We recommend other movies where heroes play themselves.
Clint Eastwood‘s The 15:17 to Paris depicts the true story of the 2015 Thalys train attack, when a man opened fire during a rail trip from Amsterdam to Paris and was taken down by a few of the passengers on board. Eastwood cast three of the heroes in the incident as themselves in the drama, a decision that’s earning criticism but which isn’t that unusual even outside of documentary films. For this week’s list of Movies to Watch After… I’m highlighting some of the most important and some of the more obscure films throughout history that have real people involved reenacting their own significant deeds.
The Life of Buffalo Bill (1912)
William F. Cody, aka Buffalo Bill, might not be as well-known today if it weren’t for his own proliferation of his own legend. He allowed himself to be fictionalized in novels and he built on his legacy as a Wild West hero in a traveling production featuring stunts, skilled spectacles, and staged re-creations of historical events. Understandably, when motion pictures were invented, Cody made his way to the silver screen with filmed versions of his Buffalo Bill’s Wild West show and other more focused presentations. In this three-reeler, he made the leap to an autobiographical narrative work in which he plays himself during a framing device but allows an actor to portray him as a younger man in reenactments of his life and adventures.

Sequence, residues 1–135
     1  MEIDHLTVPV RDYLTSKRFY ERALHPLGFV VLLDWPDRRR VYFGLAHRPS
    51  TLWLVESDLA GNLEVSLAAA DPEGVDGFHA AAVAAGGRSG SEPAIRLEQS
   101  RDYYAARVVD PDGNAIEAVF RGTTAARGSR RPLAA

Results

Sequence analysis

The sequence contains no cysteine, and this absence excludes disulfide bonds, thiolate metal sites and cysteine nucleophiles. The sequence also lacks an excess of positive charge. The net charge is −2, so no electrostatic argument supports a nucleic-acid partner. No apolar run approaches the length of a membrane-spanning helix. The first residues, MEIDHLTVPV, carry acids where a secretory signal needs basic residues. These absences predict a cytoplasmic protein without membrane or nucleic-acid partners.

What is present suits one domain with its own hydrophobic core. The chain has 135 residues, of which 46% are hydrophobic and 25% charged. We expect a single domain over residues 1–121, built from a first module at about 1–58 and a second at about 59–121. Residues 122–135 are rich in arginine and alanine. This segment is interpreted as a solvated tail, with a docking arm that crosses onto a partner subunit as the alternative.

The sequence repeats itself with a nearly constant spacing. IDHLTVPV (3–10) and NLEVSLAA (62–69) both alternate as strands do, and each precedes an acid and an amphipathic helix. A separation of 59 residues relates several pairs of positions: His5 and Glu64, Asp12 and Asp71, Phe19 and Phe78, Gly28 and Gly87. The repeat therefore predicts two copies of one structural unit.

The Life of General Villa (1914)
One of the most fascinating docudrama productions of all time, this biographical film starred Mexican Revolution hero Pancho Villa as himself, apparently as part of an effort to fund his military campaign. Directed by Christy Cabanne and Raoul Walsh (who also co-starred) and produced by D.W. Griffith, the feature did involve some actual war newsreel footage alongside staged reenactments. Unfortunately, the film is pretty much entirely lost, save for some fragments and stills, so technically you can’t really watch it now. What you can watch is the 2003 TV movie about its making, And Starring Pancho Villa as Himself, with Antonio Banderas as Villa, Michael McKean as Cabanne, Kyle Chandler as Walsh, and Colm Feore as Griffith.
Headin’ Home (1920)